For political parties, health can be a poison pill

Government Relations, Politics

Michael Cairnduff 13 Nov 2016
4 mins
For political parties, health can be a poison pill

As we creep closer to the State election, Associate Director Michael Cairnduff dissects the activities of the major parties in WA .

All three major parties in WA have been active of late – the Liberals sorted out their internal squabble and let Premier Colin Barnett get back to doing what he does best, remaining steadfast in his direction for the State; the Nationals changed jockeys and launched a new revenue policy which has predictably created a war with the State’s two major iron ore producers; and the Labor leadership team has been busy trying to capitalise on their buoyancy in the polls by driving divisive wedges into key policy areas, as they seek to differentiate what a potential State Labor Government might look like.

One such area is health. WA’s public health system represents the single largest cost centre of annual spending in the WA Government budget (it’s called recurrent spending). The annual recurrent figures are of mind-blowing proportions. The striking thing is the way the recurrent annual health budget has a habit of growing each year.

In the 2015/16 State Budget, recurrent expenses for health were recorded at $8.17 billion while the budget estimate for 2016/17 budget put that figure at $8.56 billion. Let me do the math for you – that is a not-insignificant jump of $395 million or 4.8% in a single year.

By comparison, back in 2008 the Carpenter Government allocated $4.5 billion for recurrent health expenses in FY09. That’s a 90% increase in expenditure in just eight years.

And coming back to today’s budget, for comparative purposes, recurrent expenses for education were $4.76 billion in FY16 and were projected to grow by just $81 million or 1.7% in FY17 to be $4.84 billion.

If we think of this in terms of the entire pie of WA Government recurrent expenses, which is predicted to be $29.59 billion in FY17, health represents 29% of all projected expenses (up from 28% in FY16).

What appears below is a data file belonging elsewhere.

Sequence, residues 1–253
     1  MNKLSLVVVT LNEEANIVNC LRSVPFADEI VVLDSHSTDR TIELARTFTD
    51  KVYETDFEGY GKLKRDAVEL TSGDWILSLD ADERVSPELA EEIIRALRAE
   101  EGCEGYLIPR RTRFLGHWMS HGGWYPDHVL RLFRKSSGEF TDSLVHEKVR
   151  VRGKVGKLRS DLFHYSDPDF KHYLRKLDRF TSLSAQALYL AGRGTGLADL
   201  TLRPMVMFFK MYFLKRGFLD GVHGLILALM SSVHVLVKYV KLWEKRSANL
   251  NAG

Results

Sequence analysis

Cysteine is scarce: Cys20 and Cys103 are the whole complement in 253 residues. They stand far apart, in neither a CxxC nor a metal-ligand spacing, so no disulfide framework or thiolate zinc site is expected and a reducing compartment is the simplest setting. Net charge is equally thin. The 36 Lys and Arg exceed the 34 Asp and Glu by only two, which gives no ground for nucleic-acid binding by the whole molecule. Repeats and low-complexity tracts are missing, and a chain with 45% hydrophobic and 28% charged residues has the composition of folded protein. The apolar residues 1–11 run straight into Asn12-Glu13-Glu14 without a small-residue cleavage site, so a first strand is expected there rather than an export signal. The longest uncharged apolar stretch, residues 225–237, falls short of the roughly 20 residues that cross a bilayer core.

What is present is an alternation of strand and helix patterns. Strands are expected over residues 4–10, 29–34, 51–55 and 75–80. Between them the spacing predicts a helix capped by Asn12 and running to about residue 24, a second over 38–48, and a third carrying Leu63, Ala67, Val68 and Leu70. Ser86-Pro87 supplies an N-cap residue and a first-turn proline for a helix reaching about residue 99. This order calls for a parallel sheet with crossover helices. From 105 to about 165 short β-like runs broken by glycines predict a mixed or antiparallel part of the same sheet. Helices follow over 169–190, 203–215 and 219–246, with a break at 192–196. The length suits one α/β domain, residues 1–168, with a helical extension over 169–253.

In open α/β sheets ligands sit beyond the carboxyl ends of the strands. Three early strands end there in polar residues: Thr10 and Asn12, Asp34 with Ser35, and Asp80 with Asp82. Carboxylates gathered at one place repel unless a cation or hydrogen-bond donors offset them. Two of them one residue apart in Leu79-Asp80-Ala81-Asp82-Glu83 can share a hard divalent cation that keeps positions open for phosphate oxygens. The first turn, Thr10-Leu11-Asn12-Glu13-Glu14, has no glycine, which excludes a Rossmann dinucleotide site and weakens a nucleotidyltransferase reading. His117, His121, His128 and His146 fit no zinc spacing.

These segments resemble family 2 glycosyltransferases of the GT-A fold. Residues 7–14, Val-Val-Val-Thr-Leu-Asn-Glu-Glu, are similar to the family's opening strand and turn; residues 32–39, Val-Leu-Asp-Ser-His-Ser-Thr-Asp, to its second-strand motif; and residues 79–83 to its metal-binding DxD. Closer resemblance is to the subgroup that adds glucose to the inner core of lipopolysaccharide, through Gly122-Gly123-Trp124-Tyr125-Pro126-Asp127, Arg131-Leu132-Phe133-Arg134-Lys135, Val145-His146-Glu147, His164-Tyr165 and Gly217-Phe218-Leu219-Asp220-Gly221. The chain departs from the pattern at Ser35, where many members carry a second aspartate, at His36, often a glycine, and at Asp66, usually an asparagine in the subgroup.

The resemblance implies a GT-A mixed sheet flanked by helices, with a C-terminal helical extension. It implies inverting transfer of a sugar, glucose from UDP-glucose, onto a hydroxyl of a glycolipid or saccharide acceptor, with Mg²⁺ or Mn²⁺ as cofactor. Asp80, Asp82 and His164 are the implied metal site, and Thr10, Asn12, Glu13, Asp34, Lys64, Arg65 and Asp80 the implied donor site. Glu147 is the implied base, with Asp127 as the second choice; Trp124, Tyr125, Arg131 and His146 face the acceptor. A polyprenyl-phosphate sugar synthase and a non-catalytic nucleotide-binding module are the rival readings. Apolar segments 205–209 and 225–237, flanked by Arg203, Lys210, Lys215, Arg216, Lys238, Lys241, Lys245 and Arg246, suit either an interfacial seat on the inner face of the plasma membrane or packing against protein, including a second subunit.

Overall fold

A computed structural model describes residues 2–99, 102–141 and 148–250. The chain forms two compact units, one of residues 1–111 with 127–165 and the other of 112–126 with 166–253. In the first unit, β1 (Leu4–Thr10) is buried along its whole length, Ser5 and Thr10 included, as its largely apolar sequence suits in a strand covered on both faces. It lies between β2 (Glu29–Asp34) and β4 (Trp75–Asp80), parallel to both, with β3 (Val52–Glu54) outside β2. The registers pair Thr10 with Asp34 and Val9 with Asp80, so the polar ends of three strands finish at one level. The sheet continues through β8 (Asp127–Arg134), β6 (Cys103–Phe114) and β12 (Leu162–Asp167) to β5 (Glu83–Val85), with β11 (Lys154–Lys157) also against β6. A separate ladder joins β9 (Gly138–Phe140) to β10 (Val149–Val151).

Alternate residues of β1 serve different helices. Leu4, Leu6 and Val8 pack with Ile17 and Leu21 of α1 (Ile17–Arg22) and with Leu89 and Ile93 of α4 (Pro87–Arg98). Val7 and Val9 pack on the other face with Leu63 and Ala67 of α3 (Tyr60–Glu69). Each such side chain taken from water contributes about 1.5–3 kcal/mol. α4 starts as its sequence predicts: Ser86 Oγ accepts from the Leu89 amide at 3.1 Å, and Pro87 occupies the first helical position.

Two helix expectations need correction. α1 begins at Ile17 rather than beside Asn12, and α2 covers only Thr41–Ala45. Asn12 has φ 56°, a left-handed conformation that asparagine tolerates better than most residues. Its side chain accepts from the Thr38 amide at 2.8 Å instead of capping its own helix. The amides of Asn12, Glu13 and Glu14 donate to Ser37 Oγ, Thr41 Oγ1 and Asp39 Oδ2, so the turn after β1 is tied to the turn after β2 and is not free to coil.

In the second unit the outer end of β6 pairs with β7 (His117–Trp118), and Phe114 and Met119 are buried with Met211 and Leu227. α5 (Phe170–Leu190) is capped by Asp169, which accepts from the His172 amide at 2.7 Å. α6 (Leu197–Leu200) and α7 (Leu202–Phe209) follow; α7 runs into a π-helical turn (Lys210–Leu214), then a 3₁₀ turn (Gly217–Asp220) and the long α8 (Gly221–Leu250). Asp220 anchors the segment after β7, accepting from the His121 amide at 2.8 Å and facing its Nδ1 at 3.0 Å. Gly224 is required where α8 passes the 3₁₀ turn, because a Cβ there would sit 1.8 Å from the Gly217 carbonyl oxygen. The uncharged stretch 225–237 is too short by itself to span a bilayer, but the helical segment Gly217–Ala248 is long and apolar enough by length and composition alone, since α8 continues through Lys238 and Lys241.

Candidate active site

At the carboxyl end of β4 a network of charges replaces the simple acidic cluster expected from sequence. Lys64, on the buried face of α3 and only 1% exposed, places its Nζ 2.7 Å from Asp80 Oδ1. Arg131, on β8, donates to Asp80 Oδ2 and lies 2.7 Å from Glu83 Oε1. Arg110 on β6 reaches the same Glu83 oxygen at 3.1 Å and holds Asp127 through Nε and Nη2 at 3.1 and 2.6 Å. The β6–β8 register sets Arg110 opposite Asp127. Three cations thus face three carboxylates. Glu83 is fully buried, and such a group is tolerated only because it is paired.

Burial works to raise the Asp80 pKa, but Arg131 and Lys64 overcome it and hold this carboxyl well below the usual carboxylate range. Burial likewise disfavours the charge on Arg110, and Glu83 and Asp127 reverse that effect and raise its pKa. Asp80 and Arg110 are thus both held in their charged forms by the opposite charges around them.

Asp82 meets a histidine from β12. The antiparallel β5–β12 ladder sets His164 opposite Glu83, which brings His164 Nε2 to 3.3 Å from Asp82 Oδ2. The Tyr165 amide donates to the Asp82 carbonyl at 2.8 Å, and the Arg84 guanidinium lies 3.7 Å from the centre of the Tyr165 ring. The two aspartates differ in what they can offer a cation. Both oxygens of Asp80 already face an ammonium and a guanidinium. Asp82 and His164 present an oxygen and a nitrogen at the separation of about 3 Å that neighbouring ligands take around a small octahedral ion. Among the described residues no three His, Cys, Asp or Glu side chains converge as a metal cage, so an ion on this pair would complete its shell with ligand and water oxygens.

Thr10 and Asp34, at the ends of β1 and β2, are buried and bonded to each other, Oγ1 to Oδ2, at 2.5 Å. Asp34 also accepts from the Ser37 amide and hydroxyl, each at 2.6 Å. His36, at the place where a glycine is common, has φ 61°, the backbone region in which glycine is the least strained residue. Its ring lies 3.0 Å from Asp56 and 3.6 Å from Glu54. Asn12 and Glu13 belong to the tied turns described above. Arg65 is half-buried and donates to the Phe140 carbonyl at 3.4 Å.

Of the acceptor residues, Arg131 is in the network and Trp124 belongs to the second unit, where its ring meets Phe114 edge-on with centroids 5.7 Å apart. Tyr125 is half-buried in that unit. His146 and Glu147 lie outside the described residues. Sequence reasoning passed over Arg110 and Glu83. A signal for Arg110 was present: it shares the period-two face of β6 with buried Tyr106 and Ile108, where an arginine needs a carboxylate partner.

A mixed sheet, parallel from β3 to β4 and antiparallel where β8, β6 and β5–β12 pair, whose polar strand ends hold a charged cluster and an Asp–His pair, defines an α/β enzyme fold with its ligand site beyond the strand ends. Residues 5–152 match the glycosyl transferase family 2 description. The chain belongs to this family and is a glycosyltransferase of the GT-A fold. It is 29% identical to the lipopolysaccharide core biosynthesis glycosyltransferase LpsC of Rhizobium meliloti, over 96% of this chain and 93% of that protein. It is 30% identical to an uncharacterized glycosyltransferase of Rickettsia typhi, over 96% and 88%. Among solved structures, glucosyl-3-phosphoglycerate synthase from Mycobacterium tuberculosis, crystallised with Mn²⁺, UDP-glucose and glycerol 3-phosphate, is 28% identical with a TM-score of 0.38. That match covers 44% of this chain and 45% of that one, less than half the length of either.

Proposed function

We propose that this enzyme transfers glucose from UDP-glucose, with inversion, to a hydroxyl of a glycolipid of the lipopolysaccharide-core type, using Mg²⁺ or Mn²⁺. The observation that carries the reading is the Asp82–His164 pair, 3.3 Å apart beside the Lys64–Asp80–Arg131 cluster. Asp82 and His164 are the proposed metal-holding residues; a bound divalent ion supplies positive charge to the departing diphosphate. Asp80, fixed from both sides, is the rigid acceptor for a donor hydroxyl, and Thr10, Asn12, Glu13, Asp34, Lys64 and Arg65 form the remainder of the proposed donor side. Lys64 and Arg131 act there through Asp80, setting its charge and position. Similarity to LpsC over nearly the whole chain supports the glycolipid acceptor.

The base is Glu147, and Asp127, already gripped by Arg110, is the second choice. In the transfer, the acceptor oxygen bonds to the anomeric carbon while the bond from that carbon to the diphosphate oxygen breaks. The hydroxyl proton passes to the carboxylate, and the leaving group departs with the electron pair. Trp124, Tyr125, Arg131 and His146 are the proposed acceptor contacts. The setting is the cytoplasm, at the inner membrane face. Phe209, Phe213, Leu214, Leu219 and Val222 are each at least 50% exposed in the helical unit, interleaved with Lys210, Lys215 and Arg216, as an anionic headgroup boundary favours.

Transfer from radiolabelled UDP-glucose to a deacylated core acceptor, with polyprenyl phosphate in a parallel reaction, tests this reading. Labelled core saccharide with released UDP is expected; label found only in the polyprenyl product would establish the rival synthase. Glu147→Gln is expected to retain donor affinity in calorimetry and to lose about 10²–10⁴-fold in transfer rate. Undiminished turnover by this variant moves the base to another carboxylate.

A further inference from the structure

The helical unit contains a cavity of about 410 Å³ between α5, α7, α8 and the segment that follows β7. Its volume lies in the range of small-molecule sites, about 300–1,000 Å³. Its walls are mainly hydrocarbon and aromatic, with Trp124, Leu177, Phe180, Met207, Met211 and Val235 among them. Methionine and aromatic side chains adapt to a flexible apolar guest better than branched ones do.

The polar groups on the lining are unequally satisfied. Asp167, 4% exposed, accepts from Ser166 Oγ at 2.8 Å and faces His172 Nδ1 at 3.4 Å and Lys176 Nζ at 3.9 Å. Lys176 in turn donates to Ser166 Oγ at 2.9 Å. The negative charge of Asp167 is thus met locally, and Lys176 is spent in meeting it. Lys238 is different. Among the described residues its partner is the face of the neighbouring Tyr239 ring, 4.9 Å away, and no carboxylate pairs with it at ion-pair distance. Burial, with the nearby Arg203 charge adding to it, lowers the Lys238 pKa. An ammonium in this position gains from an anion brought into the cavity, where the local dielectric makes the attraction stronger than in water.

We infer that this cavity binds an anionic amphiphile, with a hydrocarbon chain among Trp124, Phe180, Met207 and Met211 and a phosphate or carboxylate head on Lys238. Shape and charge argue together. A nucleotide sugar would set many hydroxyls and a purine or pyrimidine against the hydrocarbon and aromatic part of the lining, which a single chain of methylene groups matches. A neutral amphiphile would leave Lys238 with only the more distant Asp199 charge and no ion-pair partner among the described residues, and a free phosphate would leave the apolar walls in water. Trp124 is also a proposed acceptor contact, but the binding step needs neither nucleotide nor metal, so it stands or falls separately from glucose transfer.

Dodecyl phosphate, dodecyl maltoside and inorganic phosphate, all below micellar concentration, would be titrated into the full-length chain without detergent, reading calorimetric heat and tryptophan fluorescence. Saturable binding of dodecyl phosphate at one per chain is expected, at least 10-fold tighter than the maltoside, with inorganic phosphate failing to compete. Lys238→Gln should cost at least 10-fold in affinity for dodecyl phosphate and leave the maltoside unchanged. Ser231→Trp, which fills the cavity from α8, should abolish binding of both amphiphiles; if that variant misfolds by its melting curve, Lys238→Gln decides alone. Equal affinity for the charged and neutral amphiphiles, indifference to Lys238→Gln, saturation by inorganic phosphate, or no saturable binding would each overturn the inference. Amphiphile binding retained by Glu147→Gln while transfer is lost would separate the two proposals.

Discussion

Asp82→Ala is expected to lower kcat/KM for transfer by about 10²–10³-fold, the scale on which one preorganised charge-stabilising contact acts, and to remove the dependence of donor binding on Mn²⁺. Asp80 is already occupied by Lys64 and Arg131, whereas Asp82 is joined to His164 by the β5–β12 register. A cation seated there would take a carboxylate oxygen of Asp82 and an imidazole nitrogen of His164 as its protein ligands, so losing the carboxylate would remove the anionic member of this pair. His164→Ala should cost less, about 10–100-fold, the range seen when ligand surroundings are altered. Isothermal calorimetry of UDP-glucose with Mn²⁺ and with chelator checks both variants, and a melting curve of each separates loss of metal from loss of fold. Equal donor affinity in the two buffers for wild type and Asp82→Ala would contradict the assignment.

And these figures are before you even consider the additional money spent to build new hospitals and other health infrastructure. WA Health has been through a massive infrastructure investment program over the past decade (think Fiona Stanley Hospital, Perth Children’s Hospital, Midland Health Campus, upgrades to Joondalup Health Campus and many other hospitals throughout the suburbs and regional WA). In FY17, a relatively modest $526 million was set aside for heath infrastructure, which represents 9% of the total spend, down from the dizzying heights of recent years. The FY17 figure is dwarfed by spending on transport and utilities.

So, enough with the numbers, but you get the picture – health is an essential and increasingly expensive area of service delivery, where innovative policy settings and associated investment really do have the potential to make a significant impact. However, looking at it from the other angle, if you view innovation as potentially introducing risk in service delivery, you could end up with catastrophic outcomes for patients and expensive distractions for the health system as a whole.

The two main men in the State Labor leadership when it comes to health, Opposition Leader Mark McGowan and Shadow Minister for Health Roger Cook, had clearly spent some time in a shadow cabinet lock-up practicing their lines on innovative health policy when they took the floor at a community health forum in Perth’s far northern suburbs earlier this week.